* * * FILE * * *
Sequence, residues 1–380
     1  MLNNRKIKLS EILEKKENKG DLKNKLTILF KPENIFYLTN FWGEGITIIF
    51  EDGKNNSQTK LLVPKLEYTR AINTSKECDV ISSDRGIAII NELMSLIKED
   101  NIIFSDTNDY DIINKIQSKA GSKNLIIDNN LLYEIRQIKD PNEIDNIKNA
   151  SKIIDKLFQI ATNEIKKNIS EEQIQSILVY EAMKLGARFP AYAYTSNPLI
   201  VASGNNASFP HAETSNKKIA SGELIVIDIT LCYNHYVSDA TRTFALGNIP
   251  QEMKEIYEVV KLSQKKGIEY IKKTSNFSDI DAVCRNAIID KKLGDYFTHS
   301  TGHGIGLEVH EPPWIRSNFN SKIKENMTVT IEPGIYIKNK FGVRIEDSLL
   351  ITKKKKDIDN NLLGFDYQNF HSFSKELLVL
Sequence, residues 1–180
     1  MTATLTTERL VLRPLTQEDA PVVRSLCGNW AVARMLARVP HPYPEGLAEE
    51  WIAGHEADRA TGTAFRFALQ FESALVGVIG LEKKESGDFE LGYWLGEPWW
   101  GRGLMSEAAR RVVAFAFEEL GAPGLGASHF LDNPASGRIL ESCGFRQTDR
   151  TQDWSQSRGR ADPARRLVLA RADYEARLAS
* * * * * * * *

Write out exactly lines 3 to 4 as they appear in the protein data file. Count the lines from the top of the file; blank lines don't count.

    51  EDGKNNSQTK LLVPKLEYTR AINTSKECDV ISSDRGIAII NELMSLIKED
   101  NIIFSDTNDY DIINKIQSKA GSKNLIIDNN LLYEIRQIKD PNEIDNIKNA